Golf's newly minted "bad boy" has had a career-defining 2018 campaign.
After claiming victory at Augusta National® in April, Patrick Reed was officially on the map. Now, the idea that Reed is finally in the public eye is a funny thing to hear when you read off his resume prior to The Masters® — the 27-yard old had five PGA Tour wins before his conquest at The Masters®.
But golf is a fickle sport, at least in it's perception of success, and results in major championships is how to make your name. With a Green Jacket now forever placed in Reed's closet, his legacy has a foundation to be built on — but how has the construction gone so far?
The short answer is that Reed is doing well, and proving that he's worthy of a shout in the discussion about key players on the major championship stage now. His chutzpah mixed with his youth and general consistency on the course has earned him a buzz, whether it be positive or negative, that makes everyone's eyes glance over to see his every stroke of a tournament.
Here's a recap of Reed's follow-up in:
The U.S. Open 2018
Reed came into Shinnecock Hills aiming to be the seventh ever played to win at both The Masters® and The U.S. Open in the same year. Through the first three days of the second major of the year, the feat looked out of contention. Reed found himself three-shots off of the lead heading into Sunday, and with the changing weather patterns at the course there was no telling what a final round could look like. The only known commodity was that all four days at Shinnecock felt like four entirely different courses.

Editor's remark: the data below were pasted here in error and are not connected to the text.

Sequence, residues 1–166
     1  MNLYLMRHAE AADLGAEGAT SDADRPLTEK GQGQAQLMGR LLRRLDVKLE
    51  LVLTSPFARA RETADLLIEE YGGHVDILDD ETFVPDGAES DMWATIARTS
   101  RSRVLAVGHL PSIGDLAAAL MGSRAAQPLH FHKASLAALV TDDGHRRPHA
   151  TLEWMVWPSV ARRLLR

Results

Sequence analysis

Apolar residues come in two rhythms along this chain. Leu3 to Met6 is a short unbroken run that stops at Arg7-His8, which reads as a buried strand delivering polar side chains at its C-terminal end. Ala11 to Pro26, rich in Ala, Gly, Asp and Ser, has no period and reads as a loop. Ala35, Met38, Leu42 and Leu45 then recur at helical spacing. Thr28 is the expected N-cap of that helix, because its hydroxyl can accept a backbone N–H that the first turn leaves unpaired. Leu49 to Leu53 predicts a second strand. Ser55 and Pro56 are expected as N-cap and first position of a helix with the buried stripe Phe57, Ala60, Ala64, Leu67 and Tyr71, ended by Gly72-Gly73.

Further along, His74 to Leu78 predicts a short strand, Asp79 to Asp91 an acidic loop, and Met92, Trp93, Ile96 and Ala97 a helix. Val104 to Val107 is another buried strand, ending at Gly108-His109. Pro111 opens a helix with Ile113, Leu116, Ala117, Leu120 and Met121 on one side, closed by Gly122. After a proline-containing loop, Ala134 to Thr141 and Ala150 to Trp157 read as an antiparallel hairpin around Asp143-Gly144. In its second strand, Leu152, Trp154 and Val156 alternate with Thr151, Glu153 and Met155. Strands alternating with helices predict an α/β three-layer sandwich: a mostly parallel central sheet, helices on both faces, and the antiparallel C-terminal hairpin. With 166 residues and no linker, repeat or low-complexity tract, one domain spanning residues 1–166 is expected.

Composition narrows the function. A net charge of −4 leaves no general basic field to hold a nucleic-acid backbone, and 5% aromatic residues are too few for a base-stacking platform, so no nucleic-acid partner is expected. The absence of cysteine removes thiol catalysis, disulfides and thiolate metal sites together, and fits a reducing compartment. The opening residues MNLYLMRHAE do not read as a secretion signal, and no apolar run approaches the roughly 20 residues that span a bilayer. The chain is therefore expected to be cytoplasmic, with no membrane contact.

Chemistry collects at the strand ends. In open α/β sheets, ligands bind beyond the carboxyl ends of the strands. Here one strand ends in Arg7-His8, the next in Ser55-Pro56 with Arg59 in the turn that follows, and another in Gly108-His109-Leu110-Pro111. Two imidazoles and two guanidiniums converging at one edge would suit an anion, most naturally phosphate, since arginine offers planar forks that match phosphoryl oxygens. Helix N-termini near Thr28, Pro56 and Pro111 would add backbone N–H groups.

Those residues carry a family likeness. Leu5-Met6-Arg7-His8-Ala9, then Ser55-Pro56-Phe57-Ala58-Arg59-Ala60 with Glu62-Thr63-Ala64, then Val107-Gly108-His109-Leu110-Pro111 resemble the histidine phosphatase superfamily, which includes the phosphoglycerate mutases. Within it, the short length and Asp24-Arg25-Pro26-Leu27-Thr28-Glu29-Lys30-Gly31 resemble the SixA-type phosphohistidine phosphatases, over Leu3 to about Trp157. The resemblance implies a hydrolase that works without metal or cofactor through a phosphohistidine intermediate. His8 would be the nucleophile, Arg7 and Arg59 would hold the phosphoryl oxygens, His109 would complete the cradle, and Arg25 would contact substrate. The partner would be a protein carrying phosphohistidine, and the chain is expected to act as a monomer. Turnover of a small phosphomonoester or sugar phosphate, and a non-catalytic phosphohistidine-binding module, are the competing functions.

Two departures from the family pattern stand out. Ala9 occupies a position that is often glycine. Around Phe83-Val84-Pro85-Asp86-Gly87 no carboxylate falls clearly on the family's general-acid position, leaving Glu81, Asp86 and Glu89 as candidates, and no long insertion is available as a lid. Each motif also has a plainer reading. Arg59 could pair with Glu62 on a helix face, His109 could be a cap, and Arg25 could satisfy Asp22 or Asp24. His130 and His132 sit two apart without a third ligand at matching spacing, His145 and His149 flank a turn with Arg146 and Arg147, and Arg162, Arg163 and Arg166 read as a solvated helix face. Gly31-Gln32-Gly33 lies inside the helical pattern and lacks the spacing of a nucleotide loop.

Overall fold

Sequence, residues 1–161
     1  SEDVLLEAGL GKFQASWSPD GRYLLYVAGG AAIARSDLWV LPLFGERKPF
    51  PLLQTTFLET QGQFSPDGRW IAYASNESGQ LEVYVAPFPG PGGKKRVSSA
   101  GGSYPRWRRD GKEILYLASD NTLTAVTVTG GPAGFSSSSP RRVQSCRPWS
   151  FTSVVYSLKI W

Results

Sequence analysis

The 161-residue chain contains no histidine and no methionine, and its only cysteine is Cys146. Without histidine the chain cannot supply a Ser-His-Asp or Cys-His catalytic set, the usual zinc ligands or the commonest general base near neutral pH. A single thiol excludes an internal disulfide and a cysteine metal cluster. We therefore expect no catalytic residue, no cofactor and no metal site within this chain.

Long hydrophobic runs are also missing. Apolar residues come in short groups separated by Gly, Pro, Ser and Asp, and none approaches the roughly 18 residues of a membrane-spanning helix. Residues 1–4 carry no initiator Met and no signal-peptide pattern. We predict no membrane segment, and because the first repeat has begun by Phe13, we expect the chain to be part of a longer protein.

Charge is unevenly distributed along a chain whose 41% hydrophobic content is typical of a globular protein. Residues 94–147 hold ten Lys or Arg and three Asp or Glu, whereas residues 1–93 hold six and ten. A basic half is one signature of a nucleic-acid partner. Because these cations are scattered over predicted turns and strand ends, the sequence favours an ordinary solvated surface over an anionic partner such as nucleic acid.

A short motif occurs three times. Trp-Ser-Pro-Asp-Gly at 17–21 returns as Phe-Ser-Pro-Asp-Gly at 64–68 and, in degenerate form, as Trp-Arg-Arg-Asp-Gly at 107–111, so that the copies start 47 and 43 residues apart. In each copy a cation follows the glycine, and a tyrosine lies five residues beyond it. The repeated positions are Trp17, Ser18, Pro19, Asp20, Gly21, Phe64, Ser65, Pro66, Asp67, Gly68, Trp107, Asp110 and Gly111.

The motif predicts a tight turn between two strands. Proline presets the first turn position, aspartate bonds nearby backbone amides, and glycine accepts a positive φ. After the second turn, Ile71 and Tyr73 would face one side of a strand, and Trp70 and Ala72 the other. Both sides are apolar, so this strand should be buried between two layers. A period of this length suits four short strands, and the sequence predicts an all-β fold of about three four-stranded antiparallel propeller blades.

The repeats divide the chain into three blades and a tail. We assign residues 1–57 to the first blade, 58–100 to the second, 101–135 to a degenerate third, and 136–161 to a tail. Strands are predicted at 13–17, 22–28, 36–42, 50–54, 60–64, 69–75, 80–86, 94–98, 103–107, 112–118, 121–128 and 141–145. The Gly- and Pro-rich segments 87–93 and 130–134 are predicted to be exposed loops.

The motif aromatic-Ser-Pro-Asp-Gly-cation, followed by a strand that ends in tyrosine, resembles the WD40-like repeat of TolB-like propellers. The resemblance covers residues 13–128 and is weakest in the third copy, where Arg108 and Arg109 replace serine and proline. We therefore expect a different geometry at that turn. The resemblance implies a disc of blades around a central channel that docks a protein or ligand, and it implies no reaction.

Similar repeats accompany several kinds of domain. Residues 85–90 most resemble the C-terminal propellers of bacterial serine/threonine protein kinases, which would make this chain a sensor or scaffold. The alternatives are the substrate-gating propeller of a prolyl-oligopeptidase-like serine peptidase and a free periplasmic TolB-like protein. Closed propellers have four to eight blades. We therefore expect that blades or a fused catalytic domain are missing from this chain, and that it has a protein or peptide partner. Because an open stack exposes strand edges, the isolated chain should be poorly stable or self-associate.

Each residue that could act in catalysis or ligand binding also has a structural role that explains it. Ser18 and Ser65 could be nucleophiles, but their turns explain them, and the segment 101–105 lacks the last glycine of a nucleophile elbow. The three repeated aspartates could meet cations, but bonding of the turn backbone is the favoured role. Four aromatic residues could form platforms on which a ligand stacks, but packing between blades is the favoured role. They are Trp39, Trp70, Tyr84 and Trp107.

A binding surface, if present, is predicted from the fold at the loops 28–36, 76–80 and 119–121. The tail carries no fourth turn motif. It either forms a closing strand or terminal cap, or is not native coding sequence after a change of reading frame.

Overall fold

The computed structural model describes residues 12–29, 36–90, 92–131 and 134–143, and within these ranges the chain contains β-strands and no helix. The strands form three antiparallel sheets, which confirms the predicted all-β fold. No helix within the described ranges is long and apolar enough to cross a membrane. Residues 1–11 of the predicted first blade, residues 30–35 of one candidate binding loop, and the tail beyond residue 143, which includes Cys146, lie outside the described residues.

But Reed didn't want to be a one-off Masters winner who quickly faded into obscurity. A final push in back-to-back majors could cement his name in the public eye and strike fear into those above him on the leader board.
Reed charged back into contention from the get-go on Sunday, shooting for birdie on his first three holes. He continued his salvo with another birdie on No. 5 after draining an 18-footer to officially declare that this tournament was up for grabs.
The Houston-native took a share of the lead after an impressive birdie on the seventh hole and "Reed Watch" was the new theme of the rest of the tournament.
But as is the case with most courses, especially Shinnecock, momentum is a hard thing to cultivate through all 18 holes. Reed bogeyed on No. 9, 11, 12 and 18 to scour his chances at a second straight major, but a solo fourth place finish was still a strong performance in hindsight.
The Open Championship 2018
By the time that The 147th Open Championship rolled around in July, Reed was on a major hot streak. After tying for second place in the 2017 PGA Championship combined with his performances at The Masters® and U.S. Open, Reed was the only player with three-consecutive top four finishes in a major championship.
But the Carnoustie Championship Course is another animal, even for a golfer who made his name overseas in the Ryder Cup.
Reed stumbled in the first round of the tournament, shooting four-over par and falling into the middle of the pack heading into the weekend. He rallied back, as has become a habit, in the middle two days, though. He shot one-under par on Friday and three-under on Saturday to bring his score to even heading into the final day.
Carnoustie, just like Shinnecock, had different plans for Reed on the final day. Reed played a steady final round, hanging around but still unable to make a dent in the leader board to stay in contention. A sub par back nine performance cost him as he shot for par on the final round and finished the tournament tied for 28th place.
See Reed Defend His Title at The Masters® 2019!
Be there at Augusta National® next April as Patrick Reed looks to add a second trophy to his major championship collection and another Green Jacket to his closet. Through QuintEvents, you can choose from grounds access to practice or tournament rounds or both and round out your experience with one of our incredible hospitality options! In addition, you can add local hotel accommodations and get everything you need for the perfect trip in one stop.